Blake was recognized for being Jamaica’s No. 1 goalkeeper and for earning 42 caps for the Reggae Boyz. He was a first round pick by the Philadelphia Union in the MLS Super Draft in 2014.

Thompson-Wiener attended Manning High School in Jamaica and ran the 800- and 1,500 meter races, along with the occasional 4X800 and 4X400 relays. She represented her high school at the Penn Relays in 1995 and 1997.

In 1997 she received a scholarship to Iowa Wesleyan College and then transferred to Eastern Michigan University, graduating in 2001 with a degree in psychology. At both schools, she was key to them winning numerous track and field championships.

To add to her list of accomplishments, she also received a Master’s Degree in Gerentology and a second Masters from Temple in Social Work.

To top off the evening, the distinguished guest speaker was Rose Hudson-Wilkin, a Church of England priest who is chaplain to both Queen Elizabeth II and the speaker of the House of Commons.

“I never dreamt, as a little girl living an ordinary life in Montego Bay, that I would have been called to be chaplain to her Majesty the Queen,” said the Jamaican-born priest who this year was appointed the church’s first Black female bishop.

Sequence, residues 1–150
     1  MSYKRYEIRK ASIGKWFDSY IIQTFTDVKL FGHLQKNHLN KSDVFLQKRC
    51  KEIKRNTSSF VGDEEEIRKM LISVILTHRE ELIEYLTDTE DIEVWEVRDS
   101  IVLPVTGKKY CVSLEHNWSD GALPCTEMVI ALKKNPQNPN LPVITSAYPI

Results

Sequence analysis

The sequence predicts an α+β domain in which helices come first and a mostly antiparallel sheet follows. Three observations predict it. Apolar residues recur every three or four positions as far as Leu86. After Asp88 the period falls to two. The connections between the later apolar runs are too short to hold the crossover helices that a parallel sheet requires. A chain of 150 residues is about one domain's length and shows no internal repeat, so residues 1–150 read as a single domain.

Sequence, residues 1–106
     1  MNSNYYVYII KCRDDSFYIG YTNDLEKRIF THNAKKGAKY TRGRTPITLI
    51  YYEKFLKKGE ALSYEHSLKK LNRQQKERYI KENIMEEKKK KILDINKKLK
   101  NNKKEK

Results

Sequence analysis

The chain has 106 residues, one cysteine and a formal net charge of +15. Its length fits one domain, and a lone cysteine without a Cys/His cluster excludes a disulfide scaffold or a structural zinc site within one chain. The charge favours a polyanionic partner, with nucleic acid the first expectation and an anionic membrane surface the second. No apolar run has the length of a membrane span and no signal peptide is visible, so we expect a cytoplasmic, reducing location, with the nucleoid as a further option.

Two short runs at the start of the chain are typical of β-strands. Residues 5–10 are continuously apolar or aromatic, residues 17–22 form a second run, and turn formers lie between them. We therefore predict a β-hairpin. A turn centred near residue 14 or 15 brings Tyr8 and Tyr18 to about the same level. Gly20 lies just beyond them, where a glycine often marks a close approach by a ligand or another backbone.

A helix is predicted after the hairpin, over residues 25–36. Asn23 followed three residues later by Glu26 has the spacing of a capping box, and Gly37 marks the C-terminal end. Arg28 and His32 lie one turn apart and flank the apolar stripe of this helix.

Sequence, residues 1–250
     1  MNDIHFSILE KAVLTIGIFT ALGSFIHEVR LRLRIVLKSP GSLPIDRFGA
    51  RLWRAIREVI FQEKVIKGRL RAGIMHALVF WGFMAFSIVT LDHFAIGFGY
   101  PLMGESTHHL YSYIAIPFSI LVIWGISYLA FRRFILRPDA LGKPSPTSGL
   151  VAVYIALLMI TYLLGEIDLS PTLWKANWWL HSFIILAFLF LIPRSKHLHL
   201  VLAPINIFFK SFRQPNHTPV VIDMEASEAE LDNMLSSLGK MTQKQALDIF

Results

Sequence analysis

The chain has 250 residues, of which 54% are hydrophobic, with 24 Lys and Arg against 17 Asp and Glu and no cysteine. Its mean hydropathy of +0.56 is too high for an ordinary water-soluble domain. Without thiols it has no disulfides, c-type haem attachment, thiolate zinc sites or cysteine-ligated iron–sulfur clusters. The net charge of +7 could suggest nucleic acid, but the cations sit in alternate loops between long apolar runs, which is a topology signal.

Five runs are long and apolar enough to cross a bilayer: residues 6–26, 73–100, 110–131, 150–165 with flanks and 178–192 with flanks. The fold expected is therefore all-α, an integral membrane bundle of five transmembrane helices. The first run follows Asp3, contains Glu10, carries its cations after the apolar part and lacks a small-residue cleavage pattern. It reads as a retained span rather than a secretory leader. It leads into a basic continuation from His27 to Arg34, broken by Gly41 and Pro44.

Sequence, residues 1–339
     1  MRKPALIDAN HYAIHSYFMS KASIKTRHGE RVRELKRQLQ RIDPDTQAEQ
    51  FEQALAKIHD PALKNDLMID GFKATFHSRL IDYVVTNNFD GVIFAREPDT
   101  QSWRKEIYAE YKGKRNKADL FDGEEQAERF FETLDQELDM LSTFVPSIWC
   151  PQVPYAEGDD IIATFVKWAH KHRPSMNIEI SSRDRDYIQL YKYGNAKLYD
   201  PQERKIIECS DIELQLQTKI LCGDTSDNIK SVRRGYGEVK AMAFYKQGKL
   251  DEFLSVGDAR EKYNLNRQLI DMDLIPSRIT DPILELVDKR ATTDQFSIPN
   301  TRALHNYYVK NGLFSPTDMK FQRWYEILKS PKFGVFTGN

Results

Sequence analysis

“That is proof that all things are possible,” said Hudson-Wilkin, who became an ordained deacon in 1991, a priest in 1994 and chaplain to the quest in 2007.

As the 79th and first female chaplain to the House of Commons, she leads the daily prayers in the chamber and has pastoral care of the staff and others at the Palace of Westminister. Those duties started with her appointment in 2010.

In 2014, she became the priest-in-charge of the St. Mary-at-Hill in London. She represented the Church of England at the World Council of Churches conventions in Zimbabwe and Brazil. She is also a fellow in public theology at Virginia Theological Seminary in the United States.

What a list of accomplishments for a little “ordinary girl” from Montego Bay, Jamaica.

Christopher Chaplain, the honorary consul for Jamaica, read a message from the Prime Minister Andrew Holness. What stood out for was his statement that Jamaica will see greater achievements and improvements.

“At 57 we are still a young nation,” said Holness. “We have achieved much but there is still much more to be done, Hardships there are but the land is green and the sun shineth upon us as one nation, one people increasing in beauty, fellowship and prosperity.”

We look forward to what the 58th Independence Day observance will bring in 2020.